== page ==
On the one hand with my new album, I definitely went into a more personal direction with songs that have lyrics and I sing myself. So there is a part of me that wants to express more of my stories in the music. But then I also don't like to make it too personal. As mentioned above, I am very focused on a certain world I want to create with my music and I don't want to interfere too much with my personal agenda.

Let's take Michelangelo for example. People tend to overthink his work a lot, like he has personal meaning in everything he did, but most of the time he was just an exceptionally gifted craftsman who worked day and night to create a masterpiece that didn't have anything to do with his identity.

For me it's more or less the same. I work months on a song untill it vibrates in a way that it takes me to that world I want to be in.

How would you describe your views on topics like originality and innovation versus perfection and timelessness in music? Are you interested in a “music of the future” or “continuing a tradition”?

I really can't stand to listen to modern music nowadays because everything feels like fast food music. Tracks straight out of the laptop made in a few days that need to please DJs and dancefloors, or hit some numbers on social media.

With my album, I wanted to go back to the work attitude that music once had. Like the 80's when musicians and engineers came together in a real space. Feeling the moment, and letting spontaneity and authenticity lead.

I am not interested in music that "works". 10 people participated on my album. All with the same spirit to give something honest and real. This was something very inspiring about Hip-hop in the 90's. It was made with artists being in one room together and just spitting and doing what they feel. My album was made in the same spirit.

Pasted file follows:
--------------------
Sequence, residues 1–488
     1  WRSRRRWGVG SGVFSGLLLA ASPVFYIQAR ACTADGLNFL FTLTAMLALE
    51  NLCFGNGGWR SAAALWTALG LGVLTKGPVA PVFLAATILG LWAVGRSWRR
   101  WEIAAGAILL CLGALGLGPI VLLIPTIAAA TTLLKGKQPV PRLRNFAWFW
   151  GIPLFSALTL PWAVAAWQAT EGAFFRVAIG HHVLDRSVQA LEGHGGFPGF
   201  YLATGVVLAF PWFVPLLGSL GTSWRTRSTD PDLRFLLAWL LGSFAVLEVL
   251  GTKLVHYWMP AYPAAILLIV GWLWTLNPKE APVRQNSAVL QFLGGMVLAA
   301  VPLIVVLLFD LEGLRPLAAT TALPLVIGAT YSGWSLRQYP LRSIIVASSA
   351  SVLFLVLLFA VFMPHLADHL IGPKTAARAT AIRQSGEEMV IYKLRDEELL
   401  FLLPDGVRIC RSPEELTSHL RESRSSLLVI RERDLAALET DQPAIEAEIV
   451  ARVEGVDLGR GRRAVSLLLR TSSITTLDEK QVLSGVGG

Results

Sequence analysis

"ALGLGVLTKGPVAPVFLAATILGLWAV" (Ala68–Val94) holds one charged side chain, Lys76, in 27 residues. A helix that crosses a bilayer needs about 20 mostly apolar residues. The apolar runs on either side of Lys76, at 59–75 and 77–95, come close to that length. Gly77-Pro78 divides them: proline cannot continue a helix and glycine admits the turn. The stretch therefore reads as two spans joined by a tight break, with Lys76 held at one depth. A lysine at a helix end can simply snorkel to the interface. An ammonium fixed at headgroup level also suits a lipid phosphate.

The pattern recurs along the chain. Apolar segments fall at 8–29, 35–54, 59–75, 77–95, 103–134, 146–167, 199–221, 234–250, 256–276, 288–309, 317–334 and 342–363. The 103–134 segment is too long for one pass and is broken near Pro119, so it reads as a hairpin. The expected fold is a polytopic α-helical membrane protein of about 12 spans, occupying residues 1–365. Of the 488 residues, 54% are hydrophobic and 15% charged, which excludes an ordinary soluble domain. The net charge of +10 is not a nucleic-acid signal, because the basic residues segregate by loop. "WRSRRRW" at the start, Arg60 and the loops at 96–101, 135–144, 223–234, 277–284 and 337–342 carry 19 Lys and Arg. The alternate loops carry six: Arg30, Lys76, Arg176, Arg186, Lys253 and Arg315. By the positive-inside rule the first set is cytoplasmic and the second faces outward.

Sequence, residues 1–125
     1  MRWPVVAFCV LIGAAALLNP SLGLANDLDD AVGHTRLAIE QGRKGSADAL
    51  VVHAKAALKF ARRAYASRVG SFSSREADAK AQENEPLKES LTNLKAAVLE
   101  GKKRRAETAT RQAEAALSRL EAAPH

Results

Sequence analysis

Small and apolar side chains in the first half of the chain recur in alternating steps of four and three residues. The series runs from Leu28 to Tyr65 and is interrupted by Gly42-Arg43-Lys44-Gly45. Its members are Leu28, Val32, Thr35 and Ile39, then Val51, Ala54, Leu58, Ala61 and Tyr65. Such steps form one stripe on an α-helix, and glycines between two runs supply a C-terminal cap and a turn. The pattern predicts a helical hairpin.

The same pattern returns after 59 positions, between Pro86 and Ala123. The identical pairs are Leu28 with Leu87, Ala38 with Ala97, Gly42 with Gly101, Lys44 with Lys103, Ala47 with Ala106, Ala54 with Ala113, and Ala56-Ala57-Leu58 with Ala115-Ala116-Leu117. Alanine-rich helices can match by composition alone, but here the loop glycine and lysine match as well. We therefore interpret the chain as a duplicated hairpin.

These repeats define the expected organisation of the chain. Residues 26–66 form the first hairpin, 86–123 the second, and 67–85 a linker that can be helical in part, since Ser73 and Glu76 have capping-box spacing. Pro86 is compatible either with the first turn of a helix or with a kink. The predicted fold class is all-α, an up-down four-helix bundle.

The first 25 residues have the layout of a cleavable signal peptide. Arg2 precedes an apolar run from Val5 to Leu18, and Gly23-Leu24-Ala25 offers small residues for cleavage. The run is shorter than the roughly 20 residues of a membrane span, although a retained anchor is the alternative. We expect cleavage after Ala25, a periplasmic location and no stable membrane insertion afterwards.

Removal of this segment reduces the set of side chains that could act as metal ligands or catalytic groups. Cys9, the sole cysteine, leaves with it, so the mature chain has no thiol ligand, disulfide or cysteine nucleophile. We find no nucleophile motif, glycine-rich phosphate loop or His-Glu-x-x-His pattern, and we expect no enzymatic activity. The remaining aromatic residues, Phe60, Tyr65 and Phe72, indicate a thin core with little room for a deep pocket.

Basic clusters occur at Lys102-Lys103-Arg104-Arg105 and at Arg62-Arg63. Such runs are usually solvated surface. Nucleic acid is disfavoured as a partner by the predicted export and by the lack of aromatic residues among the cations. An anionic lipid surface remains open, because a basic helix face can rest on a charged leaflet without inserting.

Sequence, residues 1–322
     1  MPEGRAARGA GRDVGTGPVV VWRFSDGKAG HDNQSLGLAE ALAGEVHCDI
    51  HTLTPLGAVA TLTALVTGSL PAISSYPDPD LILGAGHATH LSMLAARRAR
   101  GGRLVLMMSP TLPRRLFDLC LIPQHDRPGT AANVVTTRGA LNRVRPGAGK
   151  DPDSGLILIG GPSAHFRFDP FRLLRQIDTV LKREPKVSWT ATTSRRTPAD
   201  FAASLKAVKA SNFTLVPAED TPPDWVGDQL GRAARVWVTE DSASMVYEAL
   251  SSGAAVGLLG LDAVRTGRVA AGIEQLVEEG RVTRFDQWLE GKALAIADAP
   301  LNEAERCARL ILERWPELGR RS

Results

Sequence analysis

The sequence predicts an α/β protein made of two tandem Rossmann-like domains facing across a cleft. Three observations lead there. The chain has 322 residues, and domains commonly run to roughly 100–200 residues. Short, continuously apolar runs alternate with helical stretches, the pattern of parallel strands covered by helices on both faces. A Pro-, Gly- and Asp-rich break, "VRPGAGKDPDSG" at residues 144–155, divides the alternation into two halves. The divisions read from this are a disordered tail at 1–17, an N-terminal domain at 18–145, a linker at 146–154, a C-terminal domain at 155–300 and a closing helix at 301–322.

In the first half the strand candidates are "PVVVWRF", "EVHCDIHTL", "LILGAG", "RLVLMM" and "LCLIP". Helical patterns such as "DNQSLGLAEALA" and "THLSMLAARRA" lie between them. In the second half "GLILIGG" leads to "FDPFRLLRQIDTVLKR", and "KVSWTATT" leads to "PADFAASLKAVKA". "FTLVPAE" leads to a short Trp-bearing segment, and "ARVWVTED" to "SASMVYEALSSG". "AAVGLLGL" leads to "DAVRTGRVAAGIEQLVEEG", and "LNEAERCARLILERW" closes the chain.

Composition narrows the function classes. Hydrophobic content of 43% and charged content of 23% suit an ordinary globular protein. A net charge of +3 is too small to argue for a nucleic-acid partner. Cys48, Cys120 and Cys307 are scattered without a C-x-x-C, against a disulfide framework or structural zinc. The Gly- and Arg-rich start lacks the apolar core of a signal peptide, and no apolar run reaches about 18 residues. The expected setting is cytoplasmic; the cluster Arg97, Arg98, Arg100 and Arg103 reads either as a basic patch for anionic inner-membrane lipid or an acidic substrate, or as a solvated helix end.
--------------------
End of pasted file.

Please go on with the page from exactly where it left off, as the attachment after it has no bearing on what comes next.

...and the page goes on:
Over the course of your development, what have been your most important instruments and tools - and what are the most promising strategies for working with them?

My most important instrument became my Roli seaboard synthesizer. Roli changed the midi keyboards for good. If it's up to me, we are in a post-Roli period because Roli changed the game with their four dimensions of touch.

I can play keyboard now in the way I would play guitar. It's so expressive. It made me a better piano player and performer on stage. I do solos during my shows that I can't do on any other synthesizer

Take us through a day in your life, from a possible morning routine through to your work, please.

I start my day with my (almost sacred) coffee making routine and listening to some old traditional music. After that I do a workout. Then I do a Wim Hof Breath meditation, and I will go to the studio ready for a 12 hour work session.

In breaks I will cook some healthy bites. Cooking is a great way for me to clear my ears and mind from the project I am working on.

Could you describe your creative process on the basis of a piece, live performance or album that's particularly dear to you, please?

Every time it's different because every song is different. The song is the boss. It decides what needs to be done. I am really trying to serve the song in the best way I can.

For example - a new song I am working on is about a bar in Brooklyn. I am singing in the song and I wanted my voice to sound 'broken.' So I put the alarm at 5 in the morning, and went from my bed straight to the mic and recorded my voice when it's in his most 'weakest' state. Not warmed up, still sleeping, I sounded absolutely broken. Like a man that's lost because that's what the song needed.

Many times the song tells you what it needs. You just need to listen.